The Ministry later clarified its position. It claimed that there are two theories about the origin of Nine Mornings. The one they have accepted, without telling us why, is that it was attributed to the “Novenas Catholics”, the Novena of the Catholic Church. Having made that declaration, they then go on to say that “the records from the Church itself suggest that the date of 1913 was the most probable date hence the embracing of 1913.” The stupidity of this statement needs no elaboration. They further compounded this by stating “that is the closest we can come to an approximation and starting date hence this year is a special year.”
Incidentally, I have come across another view of the origin of “Nine Mornings”. It attributes it to the Catholic Church. It puts the starting point at a date later than the official date recently proclaimed. It is from the Worldmark Encyclopedia of Religious Practices. Unfortunately, the author does not disclose his source, so we have to treat it like any other theory, yet to be proved. It reads as follows: “A particularly Vincentian celebration called the ‘Nine Mornings’ – originally Catholic but now celebrated by other Christians, including Anglicans – is held during the nine days before Christmas. According to tradition, the “Nine Mornings” originated in the 1920s when Carlos Verbeke (a Dominican priest in charge of St. Mary’s cathedral from 1919 to 1957) started celebrating a novena in the early morning hours instead of at midday, perhaps to take advantage of the people already being in the streets. Novenas, long customary in the Roman Catholic Church, are a devotion that is practiced over nine consecutive days as an act of thanksgiving or penitence. The Nine Mornings may also be the continuation and expansion of a tradition of merriment that dates back to the 1870s, when rival bands from different villages paraded in the streets of Kingstown.”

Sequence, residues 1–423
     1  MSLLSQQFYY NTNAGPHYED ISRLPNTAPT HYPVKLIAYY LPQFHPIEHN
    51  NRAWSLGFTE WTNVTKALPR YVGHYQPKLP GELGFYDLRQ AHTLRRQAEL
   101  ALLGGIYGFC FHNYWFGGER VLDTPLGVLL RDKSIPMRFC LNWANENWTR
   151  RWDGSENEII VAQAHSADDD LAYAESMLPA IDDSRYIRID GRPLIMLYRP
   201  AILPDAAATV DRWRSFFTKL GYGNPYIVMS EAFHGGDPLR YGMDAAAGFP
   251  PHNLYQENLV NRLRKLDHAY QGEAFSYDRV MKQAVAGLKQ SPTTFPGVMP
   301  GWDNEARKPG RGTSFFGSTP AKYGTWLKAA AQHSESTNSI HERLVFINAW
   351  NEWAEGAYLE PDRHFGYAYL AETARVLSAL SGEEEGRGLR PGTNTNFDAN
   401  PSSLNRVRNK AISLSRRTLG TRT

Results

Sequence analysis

Why am I bothering myself about this? Is it not just another celebration? I stick for historical accuracy and resent the fact that you can take a nation and its people down a particular path with the statement that this is the closest we can come to an approximate date. This has now become historical truth. What other historical truths are there to be created? Once you are in this mindset, the next thing logically to do is to create other fictitious accounts of our history and culture. My big disappointment, however, is that this is apparently of little concern to most people.
Dr Adrian Fraser is a social commentator and historian.